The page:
Evolution reads like passionate academic journal – the people making it care deeply, but don’t provide much reason for the average reader to pay attention.
•Hawkeye 12 (Thompson/ Walsh): If this image is anything to go by, and these two heroes truly are the best at what they do, I’m betting that’s leaving strange online reviews about dive bars. “Decent grub, quiet location, punching bags underwhelming. 3 ½ out of 5: would beat up for information again.”
•Fence 1 (Pacat/ the Mad): This is actually a comic about neighborhood zoning. This kid’s an anthropomorphized fence post with a tiny flag pole attached, hating himself for being forced into a position where he violates the local code for maximum height of an elevated border structure.
•Brilliant Trash 1 (Seeley/ Petraites): Would the fear of medical needles go up or down if they were administered by people in masks and capes? I’m assuming they’d still need to use their real names, but with the outfit they could sound more believable when they told little kids the secret ingredients in the medicine was justice. I do think I’d have an easier time with certain other tests if they wore things that prevented me from ever looking them in the eyes, is all I’m saying. [8/10]
There may or may not be superhumans, the same way that website headline catching your eye may or may not be clickbait. But something blew a hole out of Jerusalem and there are too many guesses for most anyone to figure the truth out. Capricorn Halle wants to figure that truth out, and she’s got the skills and drive to dig for clues, she just doesn’t have credentials or a budget. About the only thing that makes her different from any other online content writer are her own rare standards. Those rare standards may solve not only the mystery of what happened in Jerusalem, but what other potential threats might be out there and who or what put all this in motion. For the sake of humanity, such standards better not be a big deal.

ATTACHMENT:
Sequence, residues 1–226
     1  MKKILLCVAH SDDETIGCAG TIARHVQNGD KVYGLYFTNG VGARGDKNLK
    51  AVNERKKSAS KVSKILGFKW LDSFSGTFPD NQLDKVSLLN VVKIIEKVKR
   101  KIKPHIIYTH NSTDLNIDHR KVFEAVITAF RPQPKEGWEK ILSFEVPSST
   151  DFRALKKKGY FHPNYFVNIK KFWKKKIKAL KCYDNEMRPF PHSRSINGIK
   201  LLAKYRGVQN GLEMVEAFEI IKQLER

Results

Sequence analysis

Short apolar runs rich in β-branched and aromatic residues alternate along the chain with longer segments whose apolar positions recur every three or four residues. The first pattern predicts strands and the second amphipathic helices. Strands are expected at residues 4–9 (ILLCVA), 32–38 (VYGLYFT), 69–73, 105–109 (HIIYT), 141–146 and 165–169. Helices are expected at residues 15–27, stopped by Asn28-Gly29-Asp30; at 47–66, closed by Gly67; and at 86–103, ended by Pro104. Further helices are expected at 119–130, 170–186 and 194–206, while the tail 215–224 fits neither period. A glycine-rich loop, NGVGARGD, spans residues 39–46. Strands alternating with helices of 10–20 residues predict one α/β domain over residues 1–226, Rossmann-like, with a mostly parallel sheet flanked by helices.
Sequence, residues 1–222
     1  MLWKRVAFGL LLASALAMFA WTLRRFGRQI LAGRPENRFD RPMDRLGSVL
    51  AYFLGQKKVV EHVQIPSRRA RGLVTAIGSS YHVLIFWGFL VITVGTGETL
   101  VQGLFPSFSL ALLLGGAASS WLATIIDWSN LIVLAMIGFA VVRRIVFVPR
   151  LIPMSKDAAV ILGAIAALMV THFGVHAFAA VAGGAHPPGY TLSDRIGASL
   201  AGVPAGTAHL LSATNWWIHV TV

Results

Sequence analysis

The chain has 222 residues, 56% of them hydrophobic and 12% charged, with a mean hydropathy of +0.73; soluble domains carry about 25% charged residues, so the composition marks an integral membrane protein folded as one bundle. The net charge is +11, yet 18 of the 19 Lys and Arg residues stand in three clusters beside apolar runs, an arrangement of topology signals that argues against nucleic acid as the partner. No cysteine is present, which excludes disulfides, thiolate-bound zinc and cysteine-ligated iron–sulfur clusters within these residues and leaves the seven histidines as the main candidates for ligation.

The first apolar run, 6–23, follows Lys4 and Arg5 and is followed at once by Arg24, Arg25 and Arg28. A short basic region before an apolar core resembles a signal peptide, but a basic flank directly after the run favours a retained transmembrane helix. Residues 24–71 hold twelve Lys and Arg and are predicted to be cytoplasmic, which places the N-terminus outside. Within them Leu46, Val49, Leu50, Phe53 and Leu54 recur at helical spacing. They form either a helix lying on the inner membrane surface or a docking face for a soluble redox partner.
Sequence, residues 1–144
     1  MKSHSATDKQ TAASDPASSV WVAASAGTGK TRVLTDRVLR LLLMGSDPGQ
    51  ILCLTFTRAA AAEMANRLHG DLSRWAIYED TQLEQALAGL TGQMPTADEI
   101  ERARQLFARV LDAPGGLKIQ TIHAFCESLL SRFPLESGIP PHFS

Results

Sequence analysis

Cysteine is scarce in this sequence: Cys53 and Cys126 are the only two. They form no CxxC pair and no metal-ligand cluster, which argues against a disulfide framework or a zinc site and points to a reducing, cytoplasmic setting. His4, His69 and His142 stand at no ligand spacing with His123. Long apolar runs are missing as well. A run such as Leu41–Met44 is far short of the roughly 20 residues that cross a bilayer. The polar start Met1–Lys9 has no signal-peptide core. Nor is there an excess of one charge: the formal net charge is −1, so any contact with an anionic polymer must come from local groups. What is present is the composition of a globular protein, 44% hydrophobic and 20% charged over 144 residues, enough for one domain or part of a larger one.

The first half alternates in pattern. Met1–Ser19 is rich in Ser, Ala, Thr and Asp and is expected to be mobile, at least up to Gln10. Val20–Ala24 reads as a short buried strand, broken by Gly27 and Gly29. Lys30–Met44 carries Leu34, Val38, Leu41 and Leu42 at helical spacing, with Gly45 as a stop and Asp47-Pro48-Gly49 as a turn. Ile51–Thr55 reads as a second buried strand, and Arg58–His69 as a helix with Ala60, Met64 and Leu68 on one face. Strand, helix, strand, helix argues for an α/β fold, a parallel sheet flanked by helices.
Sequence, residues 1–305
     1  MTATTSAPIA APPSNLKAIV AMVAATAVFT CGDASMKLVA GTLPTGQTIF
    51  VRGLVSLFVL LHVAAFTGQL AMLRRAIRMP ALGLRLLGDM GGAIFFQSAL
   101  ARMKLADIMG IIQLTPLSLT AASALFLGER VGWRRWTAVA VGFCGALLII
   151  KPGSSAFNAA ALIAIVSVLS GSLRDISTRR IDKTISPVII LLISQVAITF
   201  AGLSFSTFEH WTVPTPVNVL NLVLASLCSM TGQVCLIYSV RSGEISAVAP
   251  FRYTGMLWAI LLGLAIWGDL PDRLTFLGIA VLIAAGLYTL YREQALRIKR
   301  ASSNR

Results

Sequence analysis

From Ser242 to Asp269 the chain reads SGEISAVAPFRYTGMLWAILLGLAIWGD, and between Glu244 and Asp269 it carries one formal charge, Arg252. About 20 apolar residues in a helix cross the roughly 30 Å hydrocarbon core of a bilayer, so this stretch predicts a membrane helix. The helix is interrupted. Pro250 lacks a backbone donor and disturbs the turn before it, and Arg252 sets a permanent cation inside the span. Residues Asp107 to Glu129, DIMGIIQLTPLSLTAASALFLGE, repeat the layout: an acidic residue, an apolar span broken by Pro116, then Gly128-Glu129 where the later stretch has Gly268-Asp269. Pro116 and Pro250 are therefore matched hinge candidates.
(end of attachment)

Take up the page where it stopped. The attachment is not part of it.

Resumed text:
This is not a story that focuses on salvation. Even if the subjects wanted to get rid of their conditions – and some of them urgently want to – that’s not shown as a priority. It could be a puzzle kind of story where the goal is to tell the world what’s really happening, but from the very beginning it’s clear that each person on the planet dove head-first into their bubble of choice, so it’s unlikely a full disclosure would accomplish much. I would actually call this a kind of love story: it’s about getting that one special soul to turn their head a certain way notice what’s right in front of them as special and precious. That the window dressing to this romance is a dystopian society with government conspiracies and active transhumanism just makes the whole thing more interesting.
The artwork doesn’t stray from the mainstream standard, with close-to-realistic proportions and basic designs for clothing and backgrounds. The world looks just a few generations away from the scale and technology from Blade Runner or Ghost in the Shell. None of the people express joy or happiness in their world, instead settling for finding a way to live in it. True to form, the majority of the scenery blankets itself in a murky sheen, but every now and then a bright color blazes out from a poncho or hair color to assure the eye that light isn’t gone from this world, it’s just rare.
Brilliant Trash reads like a touching campaign for a sick friend – parts of it hurt, but without that pain the rest of it would never be known.
On the subject on pain, have you decided whether on Justice League or Punisher, both of which drop this week? You can see both, that’s absolutely possible, but you know you’re more excited for one than the other. Let us know, and see you next week!
Looking for earlier blogs by Ryan Walsh for Comic Carnival? They’re here: Variant Coverage Blog Back Issues